Johnny Caps1970s, 1980s, 1990s, 2000s, 2010s, 2020s, A.I: Artifical Intelligence, Academy Awards, batman, Beetlejuice, Cinderella, convention, Conventions, Ed Wood, Edward Scissorshands, Flatliners, galaxy quest, Lily Tomlin, Man On The Moon, Mrs. Doubtfire, Oscars, Pee-wee's Playhouse, Pirates of the Caribbean, Star Trek: The Motion Picture, The A-Team, the hunger games, The Lost Boys, The Private Files Of J. Edgar Hoover, Ve Neill0
Years before I knew the name of my newest interview subject, Ve Neill, I was witness to her work on some of the most enjoyable movies of my youth. From Beetlejuice (which won her the first of three Best Makeup Oscars) to Mrs. Doubtfire (which won her a second Best Makeup Oscar) to the Batman sequels, Ve Neill helped create some of the most memorable images the screen has ever seen. I’d been wanting to interview her about her life and work for several years now, and earlier this month, it finally happened. Join me as we talk about Ve’s life and work from the 70s to today and into the future.
Say hello to Ve Neill!
Johnny: I have my questions ready to go.
Ve: I see that. You have a lot of questions, way more than anybody has ever asked me, and you have some really interesting questions as well that nobody’s ever asked me. I’m not sure that I will want to answer all of them, but I will do my best to give you what you need.
Johnny: Again, I thank you for taking the time to do this, and I’m ready to start, so here we go. For my first question, everybody in the entertainment industry has to start somewhere, and according to your IMDB page, your first credit as a makeup and hair designer was the 1977 softcore sex comedy Cinderella. Considering the movie’s content, were you nervous about working on the project, or were you ready to go?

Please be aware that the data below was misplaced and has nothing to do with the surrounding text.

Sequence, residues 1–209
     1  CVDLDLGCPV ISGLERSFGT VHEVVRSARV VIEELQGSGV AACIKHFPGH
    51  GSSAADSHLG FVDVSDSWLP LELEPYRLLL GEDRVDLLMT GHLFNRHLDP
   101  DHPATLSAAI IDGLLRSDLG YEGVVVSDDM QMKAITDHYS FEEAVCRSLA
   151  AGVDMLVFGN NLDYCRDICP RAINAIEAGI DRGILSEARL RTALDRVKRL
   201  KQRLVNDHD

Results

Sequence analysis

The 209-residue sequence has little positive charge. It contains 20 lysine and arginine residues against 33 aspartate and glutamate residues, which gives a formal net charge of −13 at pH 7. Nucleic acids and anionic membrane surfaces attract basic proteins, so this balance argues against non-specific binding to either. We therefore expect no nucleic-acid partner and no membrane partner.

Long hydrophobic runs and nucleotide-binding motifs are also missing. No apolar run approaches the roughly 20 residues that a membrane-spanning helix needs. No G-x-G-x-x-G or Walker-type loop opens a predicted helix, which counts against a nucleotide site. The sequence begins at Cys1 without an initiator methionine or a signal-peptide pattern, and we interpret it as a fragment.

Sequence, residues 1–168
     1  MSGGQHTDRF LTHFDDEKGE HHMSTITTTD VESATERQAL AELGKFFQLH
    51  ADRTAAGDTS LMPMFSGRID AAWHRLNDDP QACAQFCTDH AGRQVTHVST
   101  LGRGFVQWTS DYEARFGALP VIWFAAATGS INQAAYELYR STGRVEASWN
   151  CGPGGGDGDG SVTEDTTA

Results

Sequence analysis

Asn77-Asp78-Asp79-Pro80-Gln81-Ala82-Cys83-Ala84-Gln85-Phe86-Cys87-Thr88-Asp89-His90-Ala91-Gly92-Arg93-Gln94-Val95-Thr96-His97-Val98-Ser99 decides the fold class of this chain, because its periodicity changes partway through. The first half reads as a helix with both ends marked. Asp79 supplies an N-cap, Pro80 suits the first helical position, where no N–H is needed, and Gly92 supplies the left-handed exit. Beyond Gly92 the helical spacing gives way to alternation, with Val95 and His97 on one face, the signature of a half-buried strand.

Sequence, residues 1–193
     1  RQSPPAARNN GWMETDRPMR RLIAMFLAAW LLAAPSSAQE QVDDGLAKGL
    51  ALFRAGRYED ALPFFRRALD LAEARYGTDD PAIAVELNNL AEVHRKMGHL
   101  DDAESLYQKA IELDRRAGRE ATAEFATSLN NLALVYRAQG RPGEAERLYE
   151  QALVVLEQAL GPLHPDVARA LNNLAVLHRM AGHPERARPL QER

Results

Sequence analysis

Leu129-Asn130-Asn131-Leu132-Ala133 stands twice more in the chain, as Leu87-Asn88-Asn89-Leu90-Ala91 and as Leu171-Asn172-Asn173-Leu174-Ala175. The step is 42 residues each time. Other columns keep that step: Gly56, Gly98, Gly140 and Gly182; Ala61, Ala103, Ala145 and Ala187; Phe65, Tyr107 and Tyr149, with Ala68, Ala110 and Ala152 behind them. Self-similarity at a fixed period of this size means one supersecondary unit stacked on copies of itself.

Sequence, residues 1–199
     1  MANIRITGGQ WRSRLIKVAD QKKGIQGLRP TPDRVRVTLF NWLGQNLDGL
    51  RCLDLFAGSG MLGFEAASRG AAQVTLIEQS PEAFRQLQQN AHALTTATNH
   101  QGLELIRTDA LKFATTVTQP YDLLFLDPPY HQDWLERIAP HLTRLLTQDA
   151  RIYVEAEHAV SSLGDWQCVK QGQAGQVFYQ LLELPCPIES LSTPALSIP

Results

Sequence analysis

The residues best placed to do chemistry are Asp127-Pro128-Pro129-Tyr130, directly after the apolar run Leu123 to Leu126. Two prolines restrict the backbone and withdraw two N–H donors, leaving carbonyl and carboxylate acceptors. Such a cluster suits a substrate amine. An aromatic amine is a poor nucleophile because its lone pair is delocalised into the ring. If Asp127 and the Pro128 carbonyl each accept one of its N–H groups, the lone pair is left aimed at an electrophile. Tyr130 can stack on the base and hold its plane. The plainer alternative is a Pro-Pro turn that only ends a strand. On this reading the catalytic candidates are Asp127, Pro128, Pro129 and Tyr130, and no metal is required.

Ve: Well, actually, this was not my first credited film. That’s just the way it came up on IMDB. IMDB is not the end-all, let me just tell you that. They make lots of mistakes. I did a lot of movies for Charlie Band. I don’t know where in order this was. This may have been the first one, quite possibly, but I did four or five other films for Charlie Band. He’s sort of Roger Corman’s counterpart. There was Charlie Band and there was Roger Corman. Roger Corman was much more prolific than Charlie, but anyway…
I was ready to go because I wanted to work in the movies, and I was willing to do what it took to get the job done. This was a very softcore film, number one, and like you said, it was a comedy. I had no problem doing it. If there was going to be anything that was off-color that I didn’t want to be involved in, I just didn’t enter the room, you know, but it was pretty much not like that at all. It was a pretty silly little film that he did. What I got to do was really fun because I actually made the girls up to look pretty much like the illustrated versions of themselves, which was really kind of silly and fun, too.
Johnny: Well, that movie is definitely an early example of your unique visual style.
Ve: A very nice way of putting it! (Laughing)
Johnny: Another early credit of yours’ as a makeup artist was The Private Files Of J. Edgar Hoover. A movie depicting a lot of historical figures, what were, respectively, the easiest and hardest parts of working on that movie?
Ve: I’ve got to tell you I almost don’t remember that film. I do remember Broderick Crawford because that was kind of a trip to work with him, but Larry Cohen did lots of interesting pictures back then. I don’t recall having to do too much to make them look like their respective counterparts, but I’m sure I did whatever it was I needed to to get them as close as possible without having to use prosthetics.